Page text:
CLYBOURNE PARK is not an easy play on which to slap a label. Part drama, part social history, part cultural commentary, woven together with humor that, in turn, inspires laughter, makes you wince, or leaves you squirming uncomfortably in your seat, this is not your usual theatrical fare. Also well-crafted (it won the 2011 Pulitzer Prize for drama) provocative and thought- provoking, Bruce Norris's play is an experience not to be missed.
Set in Chicago, the story unfolds in two acts - the first in 1959, the second in 2009 - in the same house that starts out as a comfortable home in the fictitious suburban neighborhood of Clybourne Park. The middle-aged couple who own the home, Bev and Russ Stoller (played by Jacqueline Reid and Bruce Holmes) are about to move. The neighborhood is white, their maid, Francine (Angela Littleton) is black and they have just broken the accepted social norms of the time and place, by selling their house to an African American family. Those are the basic facts that form the foundation for everything else that follows.
The first sign of trouble arrives in the form of Karl Lindner (Gregory Wagrowski) who turns up, accompanied by his very pregnant, deaf wife, Betsy (Jen Grigg) in order to persuade his friend not to sell the house to people who just 'won't fit in.' Karl is even prepared to put his money where his mouth is, offering to come up with a better price, if only Russ will change his mind.
It turns out that Russ's refusal to comply is less about race (he and Bev consider themselves to be 'progressives') and more about personal issues. He and Bev are moving, primarily, because of parental grief caused by their son, a soldier, who was badly treated by neighbors when he came back from the Korean war and ended up killing himself in that very same house.
The inability of the characters to even get along, let alone try to understand each other, is painfully evident almost every time they open their mouths. The situation is only made worse by the arrival of the local pastor (Evan Garrett) and, later, Francine's husband, Albert (Hakim Bellamy.) Human failings, out-and-out racism, real estate and social issues are all intertwined in a complex collage of relationships, skillfully interpreted by this talented team of actors.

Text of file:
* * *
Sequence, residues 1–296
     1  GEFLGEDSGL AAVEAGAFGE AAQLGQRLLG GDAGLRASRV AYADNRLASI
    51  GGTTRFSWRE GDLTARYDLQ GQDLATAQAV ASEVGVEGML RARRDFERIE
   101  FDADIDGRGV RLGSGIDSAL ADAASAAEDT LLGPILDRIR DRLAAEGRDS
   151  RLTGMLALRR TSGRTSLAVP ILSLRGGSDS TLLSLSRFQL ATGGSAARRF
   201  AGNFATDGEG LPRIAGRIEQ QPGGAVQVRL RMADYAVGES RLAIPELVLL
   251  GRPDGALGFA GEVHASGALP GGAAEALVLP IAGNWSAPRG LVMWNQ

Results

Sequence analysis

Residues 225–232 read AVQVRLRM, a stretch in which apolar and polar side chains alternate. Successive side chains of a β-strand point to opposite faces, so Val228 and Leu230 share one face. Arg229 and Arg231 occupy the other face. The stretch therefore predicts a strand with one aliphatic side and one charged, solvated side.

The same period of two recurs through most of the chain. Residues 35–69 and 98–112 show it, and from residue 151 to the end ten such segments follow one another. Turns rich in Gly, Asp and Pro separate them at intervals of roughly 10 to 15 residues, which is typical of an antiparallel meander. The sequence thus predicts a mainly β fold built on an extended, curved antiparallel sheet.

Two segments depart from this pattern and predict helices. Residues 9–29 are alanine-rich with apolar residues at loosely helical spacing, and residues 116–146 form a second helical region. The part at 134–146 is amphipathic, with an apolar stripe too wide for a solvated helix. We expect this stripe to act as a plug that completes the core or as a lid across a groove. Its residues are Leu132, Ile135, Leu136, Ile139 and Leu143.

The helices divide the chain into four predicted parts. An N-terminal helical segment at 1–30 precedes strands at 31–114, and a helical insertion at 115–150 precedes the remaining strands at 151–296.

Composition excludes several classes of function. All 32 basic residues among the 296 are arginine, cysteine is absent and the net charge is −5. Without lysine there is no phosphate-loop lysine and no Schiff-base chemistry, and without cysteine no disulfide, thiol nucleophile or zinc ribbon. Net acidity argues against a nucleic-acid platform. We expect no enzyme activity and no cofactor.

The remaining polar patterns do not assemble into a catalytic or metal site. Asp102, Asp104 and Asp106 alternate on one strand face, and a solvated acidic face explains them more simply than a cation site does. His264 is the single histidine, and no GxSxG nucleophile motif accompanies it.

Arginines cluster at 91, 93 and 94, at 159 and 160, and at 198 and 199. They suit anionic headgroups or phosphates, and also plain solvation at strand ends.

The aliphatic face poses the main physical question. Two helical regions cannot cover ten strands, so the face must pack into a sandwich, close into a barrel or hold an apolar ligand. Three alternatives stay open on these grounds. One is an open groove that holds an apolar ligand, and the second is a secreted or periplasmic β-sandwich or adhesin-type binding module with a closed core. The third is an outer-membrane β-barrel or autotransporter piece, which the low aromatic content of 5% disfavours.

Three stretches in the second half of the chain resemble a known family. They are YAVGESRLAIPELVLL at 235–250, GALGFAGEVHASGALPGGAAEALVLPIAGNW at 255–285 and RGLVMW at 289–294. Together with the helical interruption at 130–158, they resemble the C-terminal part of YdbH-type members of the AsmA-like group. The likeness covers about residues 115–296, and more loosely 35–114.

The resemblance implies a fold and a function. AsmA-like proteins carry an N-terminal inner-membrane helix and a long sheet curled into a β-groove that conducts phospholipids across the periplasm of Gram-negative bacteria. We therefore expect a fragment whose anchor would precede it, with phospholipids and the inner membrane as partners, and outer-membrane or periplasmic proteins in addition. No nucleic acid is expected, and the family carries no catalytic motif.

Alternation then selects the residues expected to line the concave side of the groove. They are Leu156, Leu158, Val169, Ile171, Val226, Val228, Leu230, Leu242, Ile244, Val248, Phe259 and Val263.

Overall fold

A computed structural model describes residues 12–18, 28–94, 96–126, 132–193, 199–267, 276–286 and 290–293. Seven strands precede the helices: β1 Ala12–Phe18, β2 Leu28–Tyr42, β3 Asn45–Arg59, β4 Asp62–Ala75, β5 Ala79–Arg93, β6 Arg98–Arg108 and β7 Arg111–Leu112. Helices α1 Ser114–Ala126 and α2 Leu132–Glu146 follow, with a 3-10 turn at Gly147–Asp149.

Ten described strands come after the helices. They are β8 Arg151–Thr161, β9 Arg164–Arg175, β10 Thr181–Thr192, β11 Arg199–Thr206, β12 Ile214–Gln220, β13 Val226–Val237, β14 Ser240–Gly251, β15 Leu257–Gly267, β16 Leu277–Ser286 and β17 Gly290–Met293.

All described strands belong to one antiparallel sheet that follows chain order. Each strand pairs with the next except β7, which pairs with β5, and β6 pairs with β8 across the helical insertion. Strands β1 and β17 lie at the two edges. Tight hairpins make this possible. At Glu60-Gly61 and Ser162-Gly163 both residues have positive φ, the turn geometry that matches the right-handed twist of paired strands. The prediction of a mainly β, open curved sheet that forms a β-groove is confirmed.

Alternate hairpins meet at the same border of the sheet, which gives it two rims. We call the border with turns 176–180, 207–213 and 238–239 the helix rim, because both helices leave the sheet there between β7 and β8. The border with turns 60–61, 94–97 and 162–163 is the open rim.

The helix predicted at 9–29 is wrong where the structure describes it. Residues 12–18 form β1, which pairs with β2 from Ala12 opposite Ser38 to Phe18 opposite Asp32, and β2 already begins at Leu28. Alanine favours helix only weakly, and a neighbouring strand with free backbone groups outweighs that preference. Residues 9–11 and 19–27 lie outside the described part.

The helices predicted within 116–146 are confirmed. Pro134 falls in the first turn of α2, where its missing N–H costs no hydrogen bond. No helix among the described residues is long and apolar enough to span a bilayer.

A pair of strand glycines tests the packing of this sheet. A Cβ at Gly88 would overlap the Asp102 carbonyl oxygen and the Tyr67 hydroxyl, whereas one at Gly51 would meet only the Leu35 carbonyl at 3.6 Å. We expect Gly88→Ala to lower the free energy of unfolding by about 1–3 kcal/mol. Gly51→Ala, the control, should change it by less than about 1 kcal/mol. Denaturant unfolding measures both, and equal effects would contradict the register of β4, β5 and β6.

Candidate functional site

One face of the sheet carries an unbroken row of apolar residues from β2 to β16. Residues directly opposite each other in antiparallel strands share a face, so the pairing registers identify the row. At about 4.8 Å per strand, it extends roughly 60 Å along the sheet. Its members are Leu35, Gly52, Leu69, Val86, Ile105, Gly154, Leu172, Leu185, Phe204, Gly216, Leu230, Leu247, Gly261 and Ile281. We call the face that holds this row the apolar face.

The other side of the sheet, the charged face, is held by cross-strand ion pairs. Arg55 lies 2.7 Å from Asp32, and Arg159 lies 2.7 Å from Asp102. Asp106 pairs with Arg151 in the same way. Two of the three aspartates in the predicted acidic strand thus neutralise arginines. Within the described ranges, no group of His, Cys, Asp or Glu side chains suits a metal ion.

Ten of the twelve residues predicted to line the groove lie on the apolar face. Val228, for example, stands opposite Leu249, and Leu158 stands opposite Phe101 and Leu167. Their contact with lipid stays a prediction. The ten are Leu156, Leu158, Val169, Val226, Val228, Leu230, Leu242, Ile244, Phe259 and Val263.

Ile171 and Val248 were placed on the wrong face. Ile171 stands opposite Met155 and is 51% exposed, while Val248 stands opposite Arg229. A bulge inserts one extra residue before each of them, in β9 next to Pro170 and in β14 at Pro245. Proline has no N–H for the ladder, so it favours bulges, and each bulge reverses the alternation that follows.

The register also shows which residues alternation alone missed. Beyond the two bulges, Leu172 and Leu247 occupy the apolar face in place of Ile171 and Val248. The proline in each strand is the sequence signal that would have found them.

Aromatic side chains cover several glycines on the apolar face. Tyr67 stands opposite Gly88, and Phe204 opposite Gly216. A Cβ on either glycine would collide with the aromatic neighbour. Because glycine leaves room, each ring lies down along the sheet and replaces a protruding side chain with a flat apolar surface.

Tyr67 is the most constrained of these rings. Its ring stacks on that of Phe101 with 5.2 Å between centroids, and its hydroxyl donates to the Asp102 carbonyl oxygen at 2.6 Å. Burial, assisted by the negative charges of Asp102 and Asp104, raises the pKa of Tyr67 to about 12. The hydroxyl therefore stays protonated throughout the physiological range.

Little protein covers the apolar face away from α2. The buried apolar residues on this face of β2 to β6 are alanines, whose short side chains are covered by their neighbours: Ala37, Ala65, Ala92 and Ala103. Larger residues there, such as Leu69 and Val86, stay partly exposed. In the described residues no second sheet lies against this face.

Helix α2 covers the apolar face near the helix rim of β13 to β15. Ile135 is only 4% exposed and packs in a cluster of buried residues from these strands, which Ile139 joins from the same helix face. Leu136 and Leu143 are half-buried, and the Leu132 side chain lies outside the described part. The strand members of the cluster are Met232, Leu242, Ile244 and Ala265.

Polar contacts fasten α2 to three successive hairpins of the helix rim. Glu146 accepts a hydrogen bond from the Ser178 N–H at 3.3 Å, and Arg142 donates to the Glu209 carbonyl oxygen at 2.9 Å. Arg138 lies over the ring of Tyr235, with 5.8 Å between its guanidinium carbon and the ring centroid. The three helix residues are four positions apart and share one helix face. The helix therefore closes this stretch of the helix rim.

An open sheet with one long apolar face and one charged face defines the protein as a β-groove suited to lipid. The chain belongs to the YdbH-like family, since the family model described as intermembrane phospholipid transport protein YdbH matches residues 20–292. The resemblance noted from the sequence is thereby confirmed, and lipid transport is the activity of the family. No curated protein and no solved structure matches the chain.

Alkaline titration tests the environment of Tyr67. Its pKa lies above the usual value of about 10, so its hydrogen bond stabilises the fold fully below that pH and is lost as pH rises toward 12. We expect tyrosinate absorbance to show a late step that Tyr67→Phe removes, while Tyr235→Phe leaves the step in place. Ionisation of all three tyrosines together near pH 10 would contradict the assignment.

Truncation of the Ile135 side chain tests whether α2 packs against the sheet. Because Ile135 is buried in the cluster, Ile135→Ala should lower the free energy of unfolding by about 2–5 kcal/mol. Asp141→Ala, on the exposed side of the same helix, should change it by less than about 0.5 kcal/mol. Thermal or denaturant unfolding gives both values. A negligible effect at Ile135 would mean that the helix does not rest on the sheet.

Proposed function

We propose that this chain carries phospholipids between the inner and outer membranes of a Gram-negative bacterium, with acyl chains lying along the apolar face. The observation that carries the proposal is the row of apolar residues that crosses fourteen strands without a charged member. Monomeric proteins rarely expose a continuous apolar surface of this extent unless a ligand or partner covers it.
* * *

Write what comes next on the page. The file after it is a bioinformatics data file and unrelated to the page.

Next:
Fast forward to 2009. The tables have turned and Clybourne Park has become a predominantly black neighborhood. The house is now abandoned and dilapidated, but, after being overrun for years with drugs, graffitti and crime, the neighborhood is once again ripe for gentrification. A well-heelEd White couple, Steve and Lindsey (Russ and Bev reincarnated and brought to life by the same two actors) are meeting there, with their lawyer and representatives of the local home-owners' association (Francine and Albert updated and redefined as Lena and Kevin.) The white newcomers want to tear down the house and put a mansion in its place; the black resident majority is anxious to prevent the influx of money from destroying the neighborhood's history and character.
Special shout outs go to Angela Littleton (Francine/Lena) and Hakim Bellamy (Albert/Kevin) who make particularly convincing transitions from servile underlings in the first act, to confident members of a superior social class in the second.
Ironically - and unfortunately - the final message seems to be that nothing has really changed very much in the intervening years between then and now. In spite of 'progress', underlying attitudes remain the same, regardless of who is expressing them. In other words, the more things change, the more they stay the same.
CLYBOURNE PARK is playing at Fusion Theatre's home base, the Cell, through March 23rd and is, according to Co-Founder and Executive Director, Dennis Gromelski, completely sold out. But don't despair! It then transfers to the Kimo Theater, March 15th and 16th, before making a final appearance at the Lensic, in Santa Fe, on March 22nd and 23rd.So be sure to grab your tickets, before those performances sell out too. This is one play you don't want to miss.
Further information can be found at: www.fusionabq.org and www.lensic.org
Photo courtesy of Wes Naman